4. I was getting the 3.0+ mbps on my g1 the first week of 3g rollout in my area on tmobile while the userbase was very small. Its possible just unlikley as the amount of users increase. Im now only getting peaks of 700 kbps in the same location same phone.

  5. So can our existing phones take advantage of LTE? Or will it require all new hardware?

  6. Thats really fast.
    I just wish my landline connection was that fast.

  7. @Webby
    New hardware. It is a new receiver with new frequencies.

  8. WiMax already has these speeds. And it’s already rolled out.

  9. The beauty of LTE is that it is a global standard. Yes global and not only CDMA/EVDO focused markets (i.e. USA)
    For users this means than an unlocked VZW phone should be capable of utilizing another LTE SIM cards from another Mobile Network Operator. Users would also have the choice of buying unlocked LTE handsets from other companies and place their VZW LTE SIM cards in it.
    So in summary, more phones, better pricing and consumer choice!!

  10. this sucks man .. droid DOESNT have 4G … whyyyyyyy ! lol

  11. are we gonna be able to talk and use the data at the same time with this?

  12. No you will not be able to talk and surf. it will still be CDMA. And Sprints WIMAX, is in one city in the whole U.S. so why hop on a carrier that can barrly hang on to 3G coverage. thats like hopping on TMOB becasue they promise 5g in like year 2015…lol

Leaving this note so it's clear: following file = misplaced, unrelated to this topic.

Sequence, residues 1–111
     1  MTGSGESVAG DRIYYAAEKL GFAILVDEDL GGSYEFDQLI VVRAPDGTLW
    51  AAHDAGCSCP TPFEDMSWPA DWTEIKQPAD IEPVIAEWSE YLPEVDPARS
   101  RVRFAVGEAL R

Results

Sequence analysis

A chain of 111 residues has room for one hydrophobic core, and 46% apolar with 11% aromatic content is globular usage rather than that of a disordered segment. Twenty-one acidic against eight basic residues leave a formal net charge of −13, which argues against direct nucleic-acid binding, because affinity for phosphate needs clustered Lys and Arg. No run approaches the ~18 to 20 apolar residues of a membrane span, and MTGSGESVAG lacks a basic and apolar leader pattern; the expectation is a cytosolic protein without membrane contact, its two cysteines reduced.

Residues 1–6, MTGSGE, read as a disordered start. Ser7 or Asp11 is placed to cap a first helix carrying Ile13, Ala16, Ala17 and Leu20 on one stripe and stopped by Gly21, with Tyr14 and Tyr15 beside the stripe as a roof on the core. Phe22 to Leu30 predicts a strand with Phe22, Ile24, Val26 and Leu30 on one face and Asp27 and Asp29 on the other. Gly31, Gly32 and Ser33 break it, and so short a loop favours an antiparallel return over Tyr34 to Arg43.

13. @jMAT – I actually wonder (and hope) if the opposite will happen. I expect LTE to assume the current 3G price point, and the 3G price point to fall. It’s been the trend, when new technology comes along for your home ISP, if you pay for the $40/mo plan, you get the new 40 dollar plan, and your old plan is the new 30 dollar plan.

  14. @IOWA

    Actually WiMax does NOT have those speeds. They offer 3-5mbps actual speed. Well, don’t take my word for it, that number is from Sprint!

    The “but WiMax is already rolled out!” argument gets real old. Ooh boy, beat by a year by a SLOWER technology. Who the frak will care the next year when we are pulling down 2x+ speeds?

  15. Also, Sprint is going to end up in the tech ghetto, as it’s the only cell phone carrier to use WiMax. Everyone else has finally agreed on making a world standard.

    Just think: All phones work on all carriers… yummmmm…

  16. @Iowa
    WiMax already rolled out? Uhm, maybe if you live in Texas, and then only on a cell modem for your laptop. The last I checked Sprint didn’t have any WiMax capable phones, only cell modems.

  17. @Greg
    The phones may use the same frequencies, but you still have to have an unlocked phone to use it on all carriers. That is what I wish would happen.

  18. @Crowley143

    I don’t see why you wouldn’t be able to do data + call at the same time. LTE is all-ip, so everything is data, even the calls (voip).